BY PATRICIA BIANCA S. TACULAO

As a tropical country, the Philippines only has two types of seasons: wet and dry. Many gardeners take note of these conditions when trying to grow different kinds of plants since they want to ensure the survivability of these plants in Philippine conditions. 

One favorite among new gardeners is the desert roses (Adenium obesum) because these can all adapt well to tropical and semi-tropical settings.

Native to Africa, the Middle East, and Madagascar, desert roses thrive well under full sun and are known as succulents that store water in their stems, making them an ideal plant to grow in the warm Philippines climate.

Prince T. Gerona, a self-employed worker, was captivated by the desert rose’s colorful blooms.

Prince Tabion Gerona, a self-employed worker, is one of the many local gardeners who were captivated by the rose-like blooms of the desert roses.  

“Matagal na po ako sa pag-garden. Grade school pa lang ako mahilig na ako sa paghahalaman ng mga ornamental plants at mga orchids. Pero nabaling ang attention ko sa adeniums before dahil sa mayroon pala siyang napakaraming klase at napakaraming kulay din,” Gerona said. (I’ve been gardening for some time now. I was just in grade school when I showed interest in growing ornamental plants and orchids. But my attention shifted to adeniums because they have different varieties and colors.) 

He then turned to the internet to research more about desert roses and eventually purchased the most common desert rose variety which boasts of bright pink flowers. From there, his collection grew to include other types and colors.

The Adenium obesum started Gerona’s collection.

Three types of adeniums 

Gerona shared that he managed to collect three kinds of desert roses. They differ in their growing purpose, size, and other parts such as stems, leaves, and caudex (the stout stem or root that’s visible above ground).

The first one is the Adenium obesum which is an indoor succulent that’s suitable for container gardening. Their caudices are thin and small, they have one main trunk with branches, and their flowers are bigger with colors ranging from pink, red, yellow, white, and purple. 

On the other hand, the Adenium arabicum is commonly grown as a bonsai and is cultivated for its shiny leaves, growth form, and flowering characteristics. Compared to obesums, the arabicums have bigger caudices, smaller, pale pink flowers, and multiple big branches that grow from the trunk.

Adenium arabicums are typically grown as bonsais.

Lastly, the Adenium somalense is grown as an exotic potted plant. It has a swollen trunk, that’s often twisted and pale gray, where the caudex is located but not as stout as the arabicum. It also has multiple stems and the flowers are trumpet-shaped with colors available in white, bright pink, and crimson red. 

Flowers of the Adenium somalense in crimson red.

Sun-loving plants 

Based on Gerona’s experience, he saw that desert roses have little to no trouble adjusting to our tropical climate and prefer being exposed to the sun. 

“Dapat open space ‘yong place at well-ventilated ‘yong area. `Yon ang requirement para mas maganda ang pag-grow nila,” he said. (They have to be placed in an open space and well-ventilated area. This is their requirement for better growth.)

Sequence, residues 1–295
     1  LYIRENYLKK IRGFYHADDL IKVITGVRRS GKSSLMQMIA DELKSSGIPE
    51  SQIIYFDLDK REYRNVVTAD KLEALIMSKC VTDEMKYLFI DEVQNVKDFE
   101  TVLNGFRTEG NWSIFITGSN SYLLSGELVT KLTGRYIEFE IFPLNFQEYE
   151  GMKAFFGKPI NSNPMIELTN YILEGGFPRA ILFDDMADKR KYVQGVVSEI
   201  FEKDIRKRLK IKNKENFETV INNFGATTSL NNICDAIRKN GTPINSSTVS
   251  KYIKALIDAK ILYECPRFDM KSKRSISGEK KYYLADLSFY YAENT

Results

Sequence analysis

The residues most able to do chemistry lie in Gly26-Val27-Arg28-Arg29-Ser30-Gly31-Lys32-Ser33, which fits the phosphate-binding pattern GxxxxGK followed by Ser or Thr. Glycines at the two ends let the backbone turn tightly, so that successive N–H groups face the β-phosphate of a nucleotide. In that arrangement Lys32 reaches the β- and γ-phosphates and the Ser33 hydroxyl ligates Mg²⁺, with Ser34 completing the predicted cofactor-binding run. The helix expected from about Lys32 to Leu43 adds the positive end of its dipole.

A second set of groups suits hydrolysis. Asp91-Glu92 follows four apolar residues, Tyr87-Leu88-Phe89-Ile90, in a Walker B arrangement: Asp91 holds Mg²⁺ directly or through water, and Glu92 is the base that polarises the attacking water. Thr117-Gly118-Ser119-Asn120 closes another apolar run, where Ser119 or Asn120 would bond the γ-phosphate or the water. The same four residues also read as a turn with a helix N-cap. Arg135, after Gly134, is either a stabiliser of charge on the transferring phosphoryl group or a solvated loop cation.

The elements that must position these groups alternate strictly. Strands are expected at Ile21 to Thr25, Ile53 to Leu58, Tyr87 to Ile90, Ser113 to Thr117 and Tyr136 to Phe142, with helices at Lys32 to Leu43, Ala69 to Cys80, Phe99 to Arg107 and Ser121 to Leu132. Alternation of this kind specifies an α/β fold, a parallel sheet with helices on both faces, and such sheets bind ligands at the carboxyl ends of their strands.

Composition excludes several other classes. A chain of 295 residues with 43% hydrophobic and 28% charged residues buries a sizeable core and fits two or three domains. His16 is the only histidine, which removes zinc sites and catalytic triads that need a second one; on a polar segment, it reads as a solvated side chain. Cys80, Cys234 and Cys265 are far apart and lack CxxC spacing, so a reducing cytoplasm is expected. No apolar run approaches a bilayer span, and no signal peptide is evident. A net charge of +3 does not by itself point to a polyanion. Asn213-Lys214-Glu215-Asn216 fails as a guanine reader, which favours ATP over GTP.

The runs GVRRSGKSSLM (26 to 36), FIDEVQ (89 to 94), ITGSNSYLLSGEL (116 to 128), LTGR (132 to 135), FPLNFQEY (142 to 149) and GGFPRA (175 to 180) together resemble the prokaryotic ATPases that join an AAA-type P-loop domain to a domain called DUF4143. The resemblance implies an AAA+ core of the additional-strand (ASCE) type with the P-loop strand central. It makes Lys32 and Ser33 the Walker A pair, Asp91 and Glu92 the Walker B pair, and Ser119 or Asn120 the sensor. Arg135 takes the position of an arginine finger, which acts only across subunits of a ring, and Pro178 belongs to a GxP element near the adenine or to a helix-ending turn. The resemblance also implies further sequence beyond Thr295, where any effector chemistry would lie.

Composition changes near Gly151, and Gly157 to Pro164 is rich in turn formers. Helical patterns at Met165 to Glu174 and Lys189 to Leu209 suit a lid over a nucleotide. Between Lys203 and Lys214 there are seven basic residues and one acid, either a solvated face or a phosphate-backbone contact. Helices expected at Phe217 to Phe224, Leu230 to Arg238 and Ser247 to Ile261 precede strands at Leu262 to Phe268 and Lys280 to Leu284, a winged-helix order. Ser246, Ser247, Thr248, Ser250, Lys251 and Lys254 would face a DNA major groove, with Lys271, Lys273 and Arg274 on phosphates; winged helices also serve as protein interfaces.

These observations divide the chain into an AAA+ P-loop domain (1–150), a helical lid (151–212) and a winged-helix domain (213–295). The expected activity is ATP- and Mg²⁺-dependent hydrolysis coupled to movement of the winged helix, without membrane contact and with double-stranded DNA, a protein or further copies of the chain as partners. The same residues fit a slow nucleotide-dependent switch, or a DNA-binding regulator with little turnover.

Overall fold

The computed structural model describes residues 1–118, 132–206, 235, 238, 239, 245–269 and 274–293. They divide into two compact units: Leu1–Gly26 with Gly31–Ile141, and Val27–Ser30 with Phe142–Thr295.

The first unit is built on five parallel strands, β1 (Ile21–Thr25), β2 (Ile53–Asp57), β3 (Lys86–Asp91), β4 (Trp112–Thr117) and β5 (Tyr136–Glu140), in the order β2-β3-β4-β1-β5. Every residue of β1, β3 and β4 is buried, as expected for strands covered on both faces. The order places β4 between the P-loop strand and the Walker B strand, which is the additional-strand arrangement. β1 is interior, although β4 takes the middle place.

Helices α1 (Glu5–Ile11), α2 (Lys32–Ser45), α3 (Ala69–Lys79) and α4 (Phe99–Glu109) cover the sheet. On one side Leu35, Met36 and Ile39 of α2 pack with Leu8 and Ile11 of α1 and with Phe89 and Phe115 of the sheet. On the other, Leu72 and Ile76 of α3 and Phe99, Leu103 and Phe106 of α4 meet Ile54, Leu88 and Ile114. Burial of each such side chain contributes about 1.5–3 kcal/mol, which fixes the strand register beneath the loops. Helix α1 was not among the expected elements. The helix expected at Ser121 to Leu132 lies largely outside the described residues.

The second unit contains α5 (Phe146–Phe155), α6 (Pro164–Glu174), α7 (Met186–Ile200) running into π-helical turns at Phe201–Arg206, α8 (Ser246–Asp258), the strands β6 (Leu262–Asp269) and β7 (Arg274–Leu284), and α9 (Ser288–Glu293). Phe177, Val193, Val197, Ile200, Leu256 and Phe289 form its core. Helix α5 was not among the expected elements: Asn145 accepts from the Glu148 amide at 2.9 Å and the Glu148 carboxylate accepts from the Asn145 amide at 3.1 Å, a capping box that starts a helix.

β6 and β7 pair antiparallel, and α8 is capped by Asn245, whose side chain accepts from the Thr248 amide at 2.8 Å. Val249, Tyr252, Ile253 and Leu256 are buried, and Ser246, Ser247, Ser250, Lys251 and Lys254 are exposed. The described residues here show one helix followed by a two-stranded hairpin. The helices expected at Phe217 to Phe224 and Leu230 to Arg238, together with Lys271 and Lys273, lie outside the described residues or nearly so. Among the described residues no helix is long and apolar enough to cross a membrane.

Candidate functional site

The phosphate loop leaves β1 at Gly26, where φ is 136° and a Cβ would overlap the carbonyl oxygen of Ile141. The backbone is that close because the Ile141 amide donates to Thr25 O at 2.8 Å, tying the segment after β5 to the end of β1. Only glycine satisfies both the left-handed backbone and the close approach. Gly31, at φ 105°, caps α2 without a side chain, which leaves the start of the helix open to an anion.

Adeniums prefer full sun exposure.

Gerona had to give up most of his collection and settle for caring for a few varieties that can be grown in his home with limited space. Still, he uses what he learned from experience and the internet into growing what available desert roses he has now. 

Watering and soil requirements 

For the soil requirements of the desert roses, Gerona says that it varies on the availability of materials in a place. For instance, he uses a soil mix composed of cow manure, decomposed rice hull, and sandy soil. 

Some propagators use a mixture of coco peat, pumice, vermicast, and carbonized rice hull. Gerona shared that others even add dry acacia leaves to mimic dry, desert-like conditions which the desert roses are accustomed to.  

The most important factor to consider is that the soil desert roses are planted in well-draining soil. 

As for the water requirements, Gerona said that during the desert rose’s juvenile stage, he would water them four to five times a week. And since their growing period occurs during the warm season, it’s best to keep their soil moist but not oversaturated to avoid root rot. 

When the desert rose’s caudex swells, this is a good sign that they are well-hydrated. And as the wet season approaches, watering the plants can be reduced to once a month or so.

Swollen caudices in Adeniums signify that they are well-hydrated.

Fertilizing desert roses

Desert roses mostly grow in the wild so they can thrive well without additional inputs. Yet feeding them fertilizer now and then can help the flowers bloom.

“Sa experience ko, once or twice lang ako naga-apply pag malaki na sila,” Gerona said. (In my experience, I only apply fertilizer once or twice when they’re fully grown). 

The most common inputs used by desert rose propagators like Gerona are slow-release fertilizers. But Gerona has a different approach to help boost his plants’ growth. He would focus on the soil and use different mixtures to see which ones work best for his plants. 

As a result, the desert roses don’t have to wait for fertilizer to get additional nutrients. They can just harness it from the soil mixture available to their roots. 

Growing desert roses has become a relaxing hobby for Gerona. Not only does this help alleviate his stress levels but it also allows him to meet other people who share the same interest that he has in gardening. Aspiring gardeners can also enjoy growing desert roses because these succulent plants can adapt well to the Philippines’ tropical climate and are low-maintenance, making them ideal for the new plant parents.

Photos courtesy of Prince T. Gerona